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Still his new private practice is one of the few places in Maine that alcoholics can go for medical treatment.

One reason is simply the scarcity of medical addiction specialists; there are only 3,500 medically trained addiction specialists like Publicker for 18 million alcoholics in the U.S., that is 5% or so of the population. Less than 1% of alcoholics seeking treatment in the U.S. receive any kind of medicine. After the Mercy Hospital’s Addiction Recovery Center closed last summer, the largest and only outpatient addiction treatment center in the state, there are few options available here.

Primary care doctors could pick up the slack, but they recieve only a day or two of addiction training in medical school. For example, Publicker is on the faculty of Tufts Medical School, but medical students spent just a half a day with him at Mercy’s Center. When it closed, the training program died with it.

Today when Publicker prescribes Vivitrol, to patients, their primary care doctors often refuse to inject it.

And there are deeper belief systems at work.

“Doctors are like everyone else. They have their own beliefs and feelings towards addiction. If they are not interested they don’t go to the conference,” says Publicker.

Here’s the science: About 50% of alcoholism is genetic; one in ten people who over-drink for long periods will develop the disease, which means a change in brain chemistry that causes extreme compulsion, “beyond what anyone without addiction can appreciate” Publicker explained. The compulsions are both neurological - hence the use of medicine - and psychological, responding to “neutral,” triggers like opening the refrigeration after a stressful day at work and thinking about a cold beer. The first beer creates impulsivity that leads to the second, and so on.

In the early 1990’s scientists in the U.S. first gave Naltrexone alcoholic rats. Ordinarily, rats won’t drink alcohol, but when submerged in an alcoholic mist they get hooked; and given a choice of two levers, begin to choose to press the lever for alcohol over food. They found that after injecting rats with Naltrexone they back eating food again. Interestingly enough, stress is also a major trigger; increasing stress by electrifying the cage floor caused the rats to relapse.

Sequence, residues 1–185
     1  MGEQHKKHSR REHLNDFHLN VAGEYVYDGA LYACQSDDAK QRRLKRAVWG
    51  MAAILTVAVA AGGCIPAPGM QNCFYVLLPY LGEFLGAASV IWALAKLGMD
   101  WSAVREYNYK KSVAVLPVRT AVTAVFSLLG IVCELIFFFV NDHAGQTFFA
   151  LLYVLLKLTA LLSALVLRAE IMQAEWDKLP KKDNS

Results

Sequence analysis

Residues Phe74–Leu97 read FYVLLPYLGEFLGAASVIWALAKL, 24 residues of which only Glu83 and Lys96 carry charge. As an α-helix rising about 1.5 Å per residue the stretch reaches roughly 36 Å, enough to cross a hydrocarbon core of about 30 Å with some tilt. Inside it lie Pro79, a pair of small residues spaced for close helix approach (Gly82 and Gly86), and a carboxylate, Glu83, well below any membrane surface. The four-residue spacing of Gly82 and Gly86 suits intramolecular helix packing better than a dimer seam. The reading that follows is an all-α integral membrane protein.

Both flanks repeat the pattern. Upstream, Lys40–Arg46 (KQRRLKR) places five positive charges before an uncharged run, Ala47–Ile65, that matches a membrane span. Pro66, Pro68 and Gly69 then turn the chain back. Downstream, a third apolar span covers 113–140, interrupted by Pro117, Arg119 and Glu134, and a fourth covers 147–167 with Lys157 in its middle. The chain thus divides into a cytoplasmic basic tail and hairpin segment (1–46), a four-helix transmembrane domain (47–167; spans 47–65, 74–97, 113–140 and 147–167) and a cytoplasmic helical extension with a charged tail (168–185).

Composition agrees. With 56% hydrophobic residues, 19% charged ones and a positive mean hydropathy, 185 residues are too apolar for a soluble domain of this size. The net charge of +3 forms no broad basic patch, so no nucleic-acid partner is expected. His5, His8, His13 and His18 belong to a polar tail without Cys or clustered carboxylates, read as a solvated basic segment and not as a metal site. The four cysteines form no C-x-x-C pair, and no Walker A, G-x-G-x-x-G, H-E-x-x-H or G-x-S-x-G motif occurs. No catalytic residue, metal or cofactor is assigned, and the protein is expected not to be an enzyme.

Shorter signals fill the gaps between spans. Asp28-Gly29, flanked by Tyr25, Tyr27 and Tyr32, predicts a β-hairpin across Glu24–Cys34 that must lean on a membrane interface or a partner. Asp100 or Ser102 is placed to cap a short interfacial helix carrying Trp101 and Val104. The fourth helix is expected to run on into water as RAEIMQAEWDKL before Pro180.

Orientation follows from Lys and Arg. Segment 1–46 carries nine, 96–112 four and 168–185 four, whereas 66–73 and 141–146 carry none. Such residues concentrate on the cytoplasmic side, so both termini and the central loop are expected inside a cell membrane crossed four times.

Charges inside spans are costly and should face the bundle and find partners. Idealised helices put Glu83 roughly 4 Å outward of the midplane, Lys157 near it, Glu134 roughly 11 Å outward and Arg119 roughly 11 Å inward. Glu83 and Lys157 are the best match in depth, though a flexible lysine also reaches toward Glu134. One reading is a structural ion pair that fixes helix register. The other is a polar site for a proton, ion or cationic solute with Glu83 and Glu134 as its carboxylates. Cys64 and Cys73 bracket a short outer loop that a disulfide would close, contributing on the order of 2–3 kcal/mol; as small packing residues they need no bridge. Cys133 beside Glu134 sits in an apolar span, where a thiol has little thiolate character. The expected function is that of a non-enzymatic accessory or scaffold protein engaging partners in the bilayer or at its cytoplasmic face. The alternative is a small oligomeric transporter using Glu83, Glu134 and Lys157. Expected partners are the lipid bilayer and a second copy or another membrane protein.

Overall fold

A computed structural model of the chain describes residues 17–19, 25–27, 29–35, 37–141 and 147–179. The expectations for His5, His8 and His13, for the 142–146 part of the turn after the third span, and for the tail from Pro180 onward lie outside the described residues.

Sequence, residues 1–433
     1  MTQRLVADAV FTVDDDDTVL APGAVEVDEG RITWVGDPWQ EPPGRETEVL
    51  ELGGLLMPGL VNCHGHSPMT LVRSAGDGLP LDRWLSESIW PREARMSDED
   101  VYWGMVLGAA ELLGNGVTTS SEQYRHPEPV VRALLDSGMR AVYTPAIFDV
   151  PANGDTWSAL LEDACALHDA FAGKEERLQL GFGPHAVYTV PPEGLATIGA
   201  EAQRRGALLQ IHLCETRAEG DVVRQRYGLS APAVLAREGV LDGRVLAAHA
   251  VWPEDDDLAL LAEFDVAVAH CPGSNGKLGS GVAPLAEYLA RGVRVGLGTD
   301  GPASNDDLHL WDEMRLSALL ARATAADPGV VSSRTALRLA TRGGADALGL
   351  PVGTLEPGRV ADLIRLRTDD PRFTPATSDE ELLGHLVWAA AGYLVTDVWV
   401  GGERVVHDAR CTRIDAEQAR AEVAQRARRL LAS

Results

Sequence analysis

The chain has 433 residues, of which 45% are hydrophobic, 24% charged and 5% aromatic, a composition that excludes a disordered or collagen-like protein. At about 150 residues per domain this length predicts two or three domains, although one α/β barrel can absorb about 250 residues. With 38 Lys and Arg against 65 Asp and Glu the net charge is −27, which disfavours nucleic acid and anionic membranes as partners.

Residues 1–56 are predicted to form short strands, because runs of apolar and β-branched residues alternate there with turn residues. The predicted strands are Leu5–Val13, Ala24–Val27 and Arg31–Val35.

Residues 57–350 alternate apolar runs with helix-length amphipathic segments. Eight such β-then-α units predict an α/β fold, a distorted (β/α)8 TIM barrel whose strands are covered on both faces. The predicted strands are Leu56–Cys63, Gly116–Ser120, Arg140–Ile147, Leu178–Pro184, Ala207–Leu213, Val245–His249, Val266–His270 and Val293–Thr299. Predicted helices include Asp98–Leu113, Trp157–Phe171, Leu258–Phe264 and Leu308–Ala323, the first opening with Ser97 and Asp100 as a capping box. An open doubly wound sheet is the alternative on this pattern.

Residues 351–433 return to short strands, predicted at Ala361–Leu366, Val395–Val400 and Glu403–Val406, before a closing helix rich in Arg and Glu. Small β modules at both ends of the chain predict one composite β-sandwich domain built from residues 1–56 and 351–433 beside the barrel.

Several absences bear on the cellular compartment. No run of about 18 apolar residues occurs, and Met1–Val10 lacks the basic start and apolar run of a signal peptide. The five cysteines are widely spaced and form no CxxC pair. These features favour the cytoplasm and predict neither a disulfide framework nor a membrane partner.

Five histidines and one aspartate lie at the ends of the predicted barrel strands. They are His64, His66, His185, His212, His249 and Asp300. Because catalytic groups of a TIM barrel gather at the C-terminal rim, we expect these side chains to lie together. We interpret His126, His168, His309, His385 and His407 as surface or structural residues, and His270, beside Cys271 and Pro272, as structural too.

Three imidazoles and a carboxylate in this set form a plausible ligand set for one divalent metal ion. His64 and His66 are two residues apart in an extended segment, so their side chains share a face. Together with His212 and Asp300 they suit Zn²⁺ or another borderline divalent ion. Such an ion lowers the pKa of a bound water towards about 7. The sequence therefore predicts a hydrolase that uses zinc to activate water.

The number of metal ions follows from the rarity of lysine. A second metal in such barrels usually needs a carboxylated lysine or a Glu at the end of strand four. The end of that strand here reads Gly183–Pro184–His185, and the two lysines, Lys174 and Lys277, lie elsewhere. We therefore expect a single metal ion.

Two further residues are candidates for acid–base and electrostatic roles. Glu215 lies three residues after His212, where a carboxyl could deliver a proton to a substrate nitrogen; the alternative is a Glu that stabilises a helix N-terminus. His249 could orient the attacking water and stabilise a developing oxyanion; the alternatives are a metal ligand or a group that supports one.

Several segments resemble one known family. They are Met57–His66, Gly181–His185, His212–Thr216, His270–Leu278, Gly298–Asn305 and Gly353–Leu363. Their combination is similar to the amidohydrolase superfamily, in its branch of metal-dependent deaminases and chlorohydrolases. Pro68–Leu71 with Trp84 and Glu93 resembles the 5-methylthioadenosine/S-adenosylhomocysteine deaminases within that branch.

Naltrexone was approved for use to treat alcoholism in the U.S. as early as 1994, twenty years ago; two additional major studies at Yale and University of Pennsylvania showed a greater than 40 percent decrease in drinking with humans who took it, Publicker said. There are now 120 clinical studies, including one by a Finnish treatment center with more than 5,000 patients over 18 years and a 78 percent success rate in eliminating or reducing alcohol consumption to normal with the drug plus therapy.

“I began in prescribing it when I read about the rats,” Publicker says.

But are we rat-like or do we, as conscious beings, have something more like free will? Shouldn’t we be self-reliant and willful enough to just stop? Put another way, is it dangerous to expect medicines — or drugs if you will — to do it for us? Publicker says it does not really matter.

“Look, if there was a fat guy with hypertension and I gave him the drug atenolol, I would not be accused of encouraging him, to never get off the couch and to eat all he wants.”

“If I can give someone a 40 to 60 percent increase in their ability to refuse a drink, and encourage treatment and AA meetings and a lot of things, why not? With addiction is rarely going to be just the medicine.”

“There is no conflict between between taking medicine and going to AA” Publicker says. “Bill Wilson the founder of AA always hoped there would be medicine.”

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Not everyone in the pro-medication movement is also pro-AA. In fact, an article by Gabrielle Glazer in Atlantic Magazine last summer, blames the lack of adoption of available medicine squarely on Alcoholics Anonymous, which she describes as kind of a religion-based 19th century snake oil, ie unscientific and unreliable. She claims the only success rates she could find are in the single digits. AA participants responded with thousands of emails, many of them negative, even suggesting “may your children be killed by drunk drivers.”

What everyone does seems to agree on, however, is that the business model for the addiction treatment industry — from alcoholism to opioids — is broken.

“There are inpatient treatment centers charging $20,000 a month whose only treatment is AA,” Publicker contends. “They reject any medical treatment and their patients cycle, cycle, cycle,” he says, back to addiction, and thus more expensive treatment.